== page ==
I was honored to be involved in one of our state’s iconic campus projects and to be a part of planning its future. This post tells the story of one civil engineer’s experience at the Capitol Campus.
The West Capitol Campus of Washington state is the original part of the state government campus where the Legislative Building, the Temple of Justice, and the Governor’s Mansion are located. Construction of the capitol campus started in the early 1900s and took six years to construct the Legislative Building (finished in 1928). The campus grounds, which were designed by the influential landscape architectural firm Olmsted Brothers, were completed in 1930.
A Neglected Drainage System
Much work has been done at the campus after the original campus grounds were completed in 1930, and several development master plans have been prepared since. However, the drainage system of the West Capitol Campus has not been systematically updated, and the major part of the drainage system, constructed with the original campus development, is still in service. The original clay pipes are still conveying storm runoff, sanitary sewerage, and sometimes a mix of both storm and sewer off the campus.
Problems appeared with the aging of the drainage system, including collapsed pipes and overflows at a couple of locations. The under drain system (clay pipes) for the large lawn and landscape areas appear to not be functioning. The campus has a soggy lawn all year round, and trees are dying because of inadequate drainage. Storm runoff from parking lots and roads is discharged off the campus without being treated. The campus was in serious need of a drainage master plan to fix the existing problems, bring the drainage system to current code requirements, and support future developments.
Making of the Drainage Master Plan
Learning what infrastructure is there and how the system works was the first step of our work. Numerous studies, investigations, and master plans have been done over the years for the West Capitol Campus. Obtaining and reviewing all available reports, maps, and plans for the campus was necessary to learn about the existing drainage system. But research and review are not quite enough for learning the drainage system; it needs to be supplemented and verified by site visits. We prepared a campus-wide drainage system map based on available information, then visited the site to compare the drainage map with the actual conditions. We also sent out a survey crew to verify invert depths of some drain pipes.
The owner’s involvement, especially the groundskeepers’ involvement, was critical to the success of the project. The design team interviewed the grounds maintenance staff to gain their first-hand information about the drainage systems and problems they ran into. In addition, the maintenance staff walked through the campus with the design team twice in different seasons to identify problematic areas, especially soggy lawn and landscape areas.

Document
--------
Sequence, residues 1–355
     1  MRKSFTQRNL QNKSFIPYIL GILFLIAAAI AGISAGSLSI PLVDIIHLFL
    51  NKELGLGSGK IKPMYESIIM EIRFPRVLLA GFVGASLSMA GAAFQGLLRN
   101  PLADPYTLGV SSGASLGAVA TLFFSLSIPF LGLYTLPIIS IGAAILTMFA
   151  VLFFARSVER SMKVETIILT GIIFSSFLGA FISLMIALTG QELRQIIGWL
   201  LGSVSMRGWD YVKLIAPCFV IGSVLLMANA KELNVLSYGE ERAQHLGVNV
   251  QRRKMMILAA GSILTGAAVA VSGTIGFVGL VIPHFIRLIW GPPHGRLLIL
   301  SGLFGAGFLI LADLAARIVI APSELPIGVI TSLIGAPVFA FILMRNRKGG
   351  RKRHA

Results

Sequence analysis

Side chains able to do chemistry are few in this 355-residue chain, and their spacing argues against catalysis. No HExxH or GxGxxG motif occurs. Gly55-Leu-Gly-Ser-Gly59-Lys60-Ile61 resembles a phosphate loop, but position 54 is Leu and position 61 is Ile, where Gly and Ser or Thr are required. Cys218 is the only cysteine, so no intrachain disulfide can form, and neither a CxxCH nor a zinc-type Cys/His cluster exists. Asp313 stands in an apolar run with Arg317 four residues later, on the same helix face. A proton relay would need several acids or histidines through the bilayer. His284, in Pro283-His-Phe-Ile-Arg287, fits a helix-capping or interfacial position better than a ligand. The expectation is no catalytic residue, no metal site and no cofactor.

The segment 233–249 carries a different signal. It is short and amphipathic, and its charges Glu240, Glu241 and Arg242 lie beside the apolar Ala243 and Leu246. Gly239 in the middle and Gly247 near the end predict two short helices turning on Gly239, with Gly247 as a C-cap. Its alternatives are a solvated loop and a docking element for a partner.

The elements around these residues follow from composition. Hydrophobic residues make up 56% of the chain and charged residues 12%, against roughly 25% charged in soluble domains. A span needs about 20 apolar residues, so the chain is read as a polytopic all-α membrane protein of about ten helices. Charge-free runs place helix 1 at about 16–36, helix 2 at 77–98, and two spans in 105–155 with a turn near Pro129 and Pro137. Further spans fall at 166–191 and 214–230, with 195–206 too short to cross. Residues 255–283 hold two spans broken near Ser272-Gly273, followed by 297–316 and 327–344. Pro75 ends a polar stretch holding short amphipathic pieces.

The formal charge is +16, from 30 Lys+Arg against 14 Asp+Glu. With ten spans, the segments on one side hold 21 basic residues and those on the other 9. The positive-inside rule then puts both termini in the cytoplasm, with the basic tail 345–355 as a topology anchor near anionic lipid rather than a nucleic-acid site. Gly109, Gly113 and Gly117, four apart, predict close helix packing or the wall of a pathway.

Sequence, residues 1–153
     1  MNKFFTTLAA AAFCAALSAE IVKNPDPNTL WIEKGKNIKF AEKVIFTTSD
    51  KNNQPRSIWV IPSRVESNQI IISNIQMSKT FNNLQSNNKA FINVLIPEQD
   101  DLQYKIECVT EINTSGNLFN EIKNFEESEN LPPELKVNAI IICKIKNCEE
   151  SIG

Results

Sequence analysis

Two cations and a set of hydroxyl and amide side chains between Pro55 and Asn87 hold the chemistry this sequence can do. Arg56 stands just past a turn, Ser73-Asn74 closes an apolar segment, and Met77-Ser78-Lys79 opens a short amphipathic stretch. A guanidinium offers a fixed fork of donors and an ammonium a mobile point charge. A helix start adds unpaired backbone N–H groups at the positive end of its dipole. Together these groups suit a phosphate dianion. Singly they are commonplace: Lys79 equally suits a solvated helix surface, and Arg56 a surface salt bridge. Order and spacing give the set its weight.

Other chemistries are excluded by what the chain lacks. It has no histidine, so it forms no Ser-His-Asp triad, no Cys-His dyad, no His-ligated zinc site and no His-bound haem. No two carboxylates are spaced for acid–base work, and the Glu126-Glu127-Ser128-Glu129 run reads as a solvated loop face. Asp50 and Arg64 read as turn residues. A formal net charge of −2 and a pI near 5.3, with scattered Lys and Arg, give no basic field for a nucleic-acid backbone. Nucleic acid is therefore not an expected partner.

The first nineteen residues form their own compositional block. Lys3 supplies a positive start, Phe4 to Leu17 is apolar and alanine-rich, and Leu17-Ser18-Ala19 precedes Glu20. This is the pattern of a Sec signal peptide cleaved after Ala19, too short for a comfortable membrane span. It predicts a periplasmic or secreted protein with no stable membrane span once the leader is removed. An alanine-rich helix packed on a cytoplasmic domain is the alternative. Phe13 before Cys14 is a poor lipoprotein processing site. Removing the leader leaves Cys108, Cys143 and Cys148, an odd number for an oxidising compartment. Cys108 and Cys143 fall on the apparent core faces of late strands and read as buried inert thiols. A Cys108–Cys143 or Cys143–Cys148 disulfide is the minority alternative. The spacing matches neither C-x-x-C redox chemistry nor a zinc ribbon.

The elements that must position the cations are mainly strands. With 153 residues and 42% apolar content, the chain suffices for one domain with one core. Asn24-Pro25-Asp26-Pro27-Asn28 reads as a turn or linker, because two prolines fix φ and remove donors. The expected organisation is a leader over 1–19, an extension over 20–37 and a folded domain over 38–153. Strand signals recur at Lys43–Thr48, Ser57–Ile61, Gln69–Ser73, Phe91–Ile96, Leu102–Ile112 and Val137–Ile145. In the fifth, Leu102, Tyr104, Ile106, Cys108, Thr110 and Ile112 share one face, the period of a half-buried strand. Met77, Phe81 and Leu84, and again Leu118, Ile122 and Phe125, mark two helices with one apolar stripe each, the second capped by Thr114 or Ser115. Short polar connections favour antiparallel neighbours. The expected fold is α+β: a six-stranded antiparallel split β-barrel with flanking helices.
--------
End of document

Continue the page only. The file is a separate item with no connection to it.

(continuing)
Master Planning in Context
Developing the drainage master plan is more than site investigation, hydraulic calculations, and improvement concepts for the drainage system. For this West Capitol Campus project, we looked beyond hydraulic analysis. Trees and landscaping are especially important to this historic district, so Reid Middleton led a team of engineers, landscape architects, and arborists to look for options to protect and improve this beautiful campus. The team worked together to come up with solutions for the soggy lawn. We looked beyond the under drain systems to other options such as eco-lawn, site re-grading, and lawn replacement based on current usage of the lawns. The team also came up solutions for the dying tree problems while not contradicting the Olmsted’s original visions and the historic landscape preservation plan.
Although the drainage master plan is a stand-alone document, it is well-coordinated with other current master plans for the campus (the most recent being the 2006 Master Plan for the Capitol of the State of Washington and the 2009 West Capitol Campus Historic Landscape Preservation Master Plan). Besides addressing existing drainage problems, this drainage master plan provides design concepts and guidelines to respond to the 2006 Master Plan for the planned redevelopment areas. For the rest of the campus, the drainage master plan provides Low Impact Development options, such as bioretention cells and bioretention planters for storm water management while implementing the landscape preservation master plan. The result is a drainage master plan that can be combined with other master plans into a comprehensive master plan for the West Capitol Campus.
The making of this drainage master plan was challenging but rewarding. One of the good things about this project was that it provided an excellent opportunity for me to learn the history of the state capitol campus and the plans for its future. Walking on the campus and looking at the beautiful buildings make me admire and appreciate the people who designed and built this special place. I feel lucky and proud that I had the opportunity to prepare the drainage master plan for improving the future of the West Capitol Campus.